You're all right, Timberlake. Sure, I might have scorned you back during your breakout years, when my sixth grade crush would divert her attentions to magazine clippings of your ramen tresses. But the JT of late has amounted to much more than his boy band roots might have suggested: he's a bona fide artist.
Justin Timberlake's newest accomplishment comes in the form of a music video for his 20/20 Experience track "Mirrors," a song meant to pay tribute to the 63-year marriage of Timberlake's grandparents Sadie and William Bomar — the latter of whom passed away in 2012 — as well as his new wife, Jessica Biel.
Video and film director Floria Sigismondi, who helmed the biographical drama The Runaways, visits Timberlake's story via a variety of vantage points. The "Mirrors" music video, which you can watch below, chauffeurs the viewer through straightforward depictions of the meeting and lasting relationship of Sadie and William, time jumps juxtaposing the young and old versions of the couple, and a slew of perplexing images pinpointing their shared emotional experiences.
RELATED: Justin Timberlake Says '20/20' Part II Is Happening
And although the emotion is palpable, you're bound to be left wondering what a good deal of the video means. A few choice scenes stick out in our heads, with questions ringing loudly:
Here, we see an elderly Sadie (or, the video's adaptation of Sadie) folding and packing the articles of a man's suit as William stands and moves parallel to her. Is he literally with her at this point, or has he already passed on and the man here only represents the essence of a husband who will stay with his wife long past his earthly life?
A bit easier to apprehend is the initial union of Sadie and William — an archetypal 1950s scene, with pool being shot, jukeboxes being leaned upon, hairstyles being maintained apparently without the use of any reflective glass.
Shortly after we find ourselves appreciating the connection between the Sadie and William surrogates, we're treated to the consummation of their relationship... but beyond that, we're treated to the above shot of Sadie clutching her shirtless stomach. On a bed, no less, right next to her sprawled out mate. That's cinematic shorthand for pregnancy...
RELATED: Justin Timberlake and Jimmy Fallon's Summer Camp Sing-Along
So why, then, are we never introduced to a baby? We're not here to make any suggestions about the actual hurdles that the real Sadie and William faced — we can expect that Timberlake and Sigismondi took some creative liberties with the story for the video. In a follow-up shot the vivid sorrow is piercing and our minds jump to the worst: Miscarriage. Infertility. The sort of nightmares that this concrete couple wages together. And when the realism of this hardship translates to the near fantastical notion that these two people can, will, and are meant to be together forever, we enter the dream sequence...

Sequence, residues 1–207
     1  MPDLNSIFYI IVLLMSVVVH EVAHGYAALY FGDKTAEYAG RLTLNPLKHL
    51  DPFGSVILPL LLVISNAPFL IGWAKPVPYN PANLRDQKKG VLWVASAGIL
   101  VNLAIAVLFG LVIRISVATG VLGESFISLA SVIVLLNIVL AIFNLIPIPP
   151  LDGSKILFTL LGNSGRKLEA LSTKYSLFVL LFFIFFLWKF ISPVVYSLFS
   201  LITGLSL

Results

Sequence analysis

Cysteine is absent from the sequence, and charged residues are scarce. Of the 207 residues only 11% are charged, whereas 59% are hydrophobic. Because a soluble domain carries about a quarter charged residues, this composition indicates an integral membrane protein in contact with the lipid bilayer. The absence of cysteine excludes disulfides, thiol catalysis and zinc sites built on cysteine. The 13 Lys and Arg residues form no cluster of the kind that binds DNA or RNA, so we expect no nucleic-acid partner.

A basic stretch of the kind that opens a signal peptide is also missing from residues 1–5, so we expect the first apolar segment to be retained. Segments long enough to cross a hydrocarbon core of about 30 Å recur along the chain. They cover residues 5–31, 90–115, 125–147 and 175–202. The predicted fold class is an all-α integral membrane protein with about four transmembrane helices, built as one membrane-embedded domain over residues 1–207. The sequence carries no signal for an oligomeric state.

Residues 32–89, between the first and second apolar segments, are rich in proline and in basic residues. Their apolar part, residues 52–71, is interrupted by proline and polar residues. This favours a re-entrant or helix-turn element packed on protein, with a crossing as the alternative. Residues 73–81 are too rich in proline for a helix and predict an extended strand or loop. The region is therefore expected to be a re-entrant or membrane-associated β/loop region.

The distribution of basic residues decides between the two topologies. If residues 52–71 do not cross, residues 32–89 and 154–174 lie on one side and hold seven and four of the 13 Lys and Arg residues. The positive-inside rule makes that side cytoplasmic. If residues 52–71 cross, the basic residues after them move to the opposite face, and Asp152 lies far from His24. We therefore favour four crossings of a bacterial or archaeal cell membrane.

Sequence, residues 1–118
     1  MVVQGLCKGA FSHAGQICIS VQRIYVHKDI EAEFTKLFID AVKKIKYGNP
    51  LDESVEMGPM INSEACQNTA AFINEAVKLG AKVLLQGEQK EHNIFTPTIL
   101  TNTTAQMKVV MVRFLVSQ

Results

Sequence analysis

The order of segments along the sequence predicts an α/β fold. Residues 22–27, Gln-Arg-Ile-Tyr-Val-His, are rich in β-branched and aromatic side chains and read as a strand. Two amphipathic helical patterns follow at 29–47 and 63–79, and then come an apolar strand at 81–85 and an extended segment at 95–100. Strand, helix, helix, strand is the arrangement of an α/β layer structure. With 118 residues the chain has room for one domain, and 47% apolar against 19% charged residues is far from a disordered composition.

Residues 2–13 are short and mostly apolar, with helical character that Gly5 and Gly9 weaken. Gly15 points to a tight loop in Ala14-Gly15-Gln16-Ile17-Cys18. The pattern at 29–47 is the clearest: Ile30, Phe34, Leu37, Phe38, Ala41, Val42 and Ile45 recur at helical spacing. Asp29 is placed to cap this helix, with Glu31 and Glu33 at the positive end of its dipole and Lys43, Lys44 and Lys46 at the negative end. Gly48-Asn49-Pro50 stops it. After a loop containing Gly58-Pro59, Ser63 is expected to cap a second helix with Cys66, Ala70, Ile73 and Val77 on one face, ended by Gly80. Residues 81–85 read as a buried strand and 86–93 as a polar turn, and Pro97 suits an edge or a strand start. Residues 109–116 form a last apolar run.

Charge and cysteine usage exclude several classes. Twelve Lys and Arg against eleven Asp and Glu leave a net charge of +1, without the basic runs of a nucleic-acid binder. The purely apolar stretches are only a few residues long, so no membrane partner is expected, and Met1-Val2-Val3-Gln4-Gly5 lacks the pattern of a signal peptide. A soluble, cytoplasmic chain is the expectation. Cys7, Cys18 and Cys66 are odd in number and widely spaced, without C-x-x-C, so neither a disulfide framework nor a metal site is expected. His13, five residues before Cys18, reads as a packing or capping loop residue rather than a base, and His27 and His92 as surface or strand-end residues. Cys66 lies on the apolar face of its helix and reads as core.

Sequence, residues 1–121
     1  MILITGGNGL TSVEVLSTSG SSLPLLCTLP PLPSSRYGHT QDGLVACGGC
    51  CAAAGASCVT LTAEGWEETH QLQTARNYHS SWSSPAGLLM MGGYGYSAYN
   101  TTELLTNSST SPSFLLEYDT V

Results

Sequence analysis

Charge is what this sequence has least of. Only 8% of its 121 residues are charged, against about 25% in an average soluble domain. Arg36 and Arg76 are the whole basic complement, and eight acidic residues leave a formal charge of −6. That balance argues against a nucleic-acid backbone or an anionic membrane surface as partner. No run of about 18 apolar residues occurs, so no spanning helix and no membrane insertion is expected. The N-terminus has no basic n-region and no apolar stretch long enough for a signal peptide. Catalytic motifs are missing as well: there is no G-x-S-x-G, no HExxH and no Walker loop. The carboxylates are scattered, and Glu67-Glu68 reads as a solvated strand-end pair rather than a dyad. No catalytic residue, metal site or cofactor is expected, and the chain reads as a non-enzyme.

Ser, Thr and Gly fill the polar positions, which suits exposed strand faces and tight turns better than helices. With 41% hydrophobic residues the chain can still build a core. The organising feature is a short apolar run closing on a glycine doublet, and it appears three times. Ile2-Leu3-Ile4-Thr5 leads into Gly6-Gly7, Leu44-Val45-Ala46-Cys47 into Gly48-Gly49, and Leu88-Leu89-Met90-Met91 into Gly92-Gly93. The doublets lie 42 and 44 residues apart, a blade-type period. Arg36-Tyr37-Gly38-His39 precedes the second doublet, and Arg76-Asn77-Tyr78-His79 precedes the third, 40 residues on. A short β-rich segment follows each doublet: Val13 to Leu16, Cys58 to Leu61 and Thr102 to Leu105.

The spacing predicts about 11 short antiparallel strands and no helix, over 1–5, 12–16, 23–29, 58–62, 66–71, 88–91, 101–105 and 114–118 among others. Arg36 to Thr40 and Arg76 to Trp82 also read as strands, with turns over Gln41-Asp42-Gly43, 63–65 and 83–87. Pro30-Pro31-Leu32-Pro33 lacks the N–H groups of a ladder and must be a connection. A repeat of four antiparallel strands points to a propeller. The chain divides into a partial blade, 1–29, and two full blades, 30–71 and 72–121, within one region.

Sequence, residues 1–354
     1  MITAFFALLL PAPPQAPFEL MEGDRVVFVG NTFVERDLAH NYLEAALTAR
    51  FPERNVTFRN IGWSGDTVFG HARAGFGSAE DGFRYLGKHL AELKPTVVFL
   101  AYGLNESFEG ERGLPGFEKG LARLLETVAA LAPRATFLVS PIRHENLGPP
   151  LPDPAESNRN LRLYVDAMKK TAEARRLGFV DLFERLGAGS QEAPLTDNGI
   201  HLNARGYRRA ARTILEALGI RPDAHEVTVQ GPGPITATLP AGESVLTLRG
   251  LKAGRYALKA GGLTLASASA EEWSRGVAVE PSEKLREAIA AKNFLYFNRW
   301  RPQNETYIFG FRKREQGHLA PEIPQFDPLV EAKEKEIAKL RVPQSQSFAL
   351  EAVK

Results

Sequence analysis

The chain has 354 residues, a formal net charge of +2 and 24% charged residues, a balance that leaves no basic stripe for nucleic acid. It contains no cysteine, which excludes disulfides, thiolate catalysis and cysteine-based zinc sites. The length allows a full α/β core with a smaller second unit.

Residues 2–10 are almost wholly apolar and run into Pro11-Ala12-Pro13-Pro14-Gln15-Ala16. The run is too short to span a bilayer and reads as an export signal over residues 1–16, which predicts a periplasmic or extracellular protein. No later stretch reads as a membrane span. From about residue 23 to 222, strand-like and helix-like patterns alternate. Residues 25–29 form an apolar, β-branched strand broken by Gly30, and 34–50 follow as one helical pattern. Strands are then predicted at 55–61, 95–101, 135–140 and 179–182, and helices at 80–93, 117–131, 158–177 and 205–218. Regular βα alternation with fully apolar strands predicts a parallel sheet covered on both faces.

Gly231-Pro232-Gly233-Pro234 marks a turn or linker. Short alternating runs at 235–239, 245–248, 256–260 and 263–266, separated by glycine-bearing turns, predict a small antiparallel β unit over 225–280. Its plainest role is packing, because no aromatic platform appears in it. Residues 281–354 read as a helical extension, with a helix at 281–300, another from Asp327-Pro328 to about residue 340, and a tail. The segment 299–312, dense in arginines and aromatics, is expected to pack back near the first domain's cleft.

And here's where a few more brows are likely to spring up a few degrees. The video's heroes enter a carnival world, traversing through the domains of fun house mirrors, circus-strong men, and the masquerade creatures we see above. You might have to dive deep into your Freudian theory to extrapolate exactly what "Mirrors" is representing here — the pair holding fast against a world of distant strangers? The power of their love launching their relationship to otherworldly levels ? Did they just go to a bunch of carnivals together?
Probably the most visually resounding shot in the entire video is the above: a gypsy-type's bestowal of a slide of photo booth photographs, which she pulled from inside her mouth, of the old Sadie and William unto the young Sadie and William. Again, go nuts with your theories, here; is this fate telling the pair that they will, in fact, stay together through the decades to come? Is this Timberlake and Sigismondi's means of showcasing the passage of time for the adherent couple?
Back to a more straightforward image: the wedding dress, though hardly delivered in a straightforward way. There is something terribly haunting about the video's choice to make its Sadie a mannequin upon the first mention of the pair's wedding. Is the union robbing something from her — her humanity, her independence? Or is this simply a probing method of introducing the next chapter of the narrative?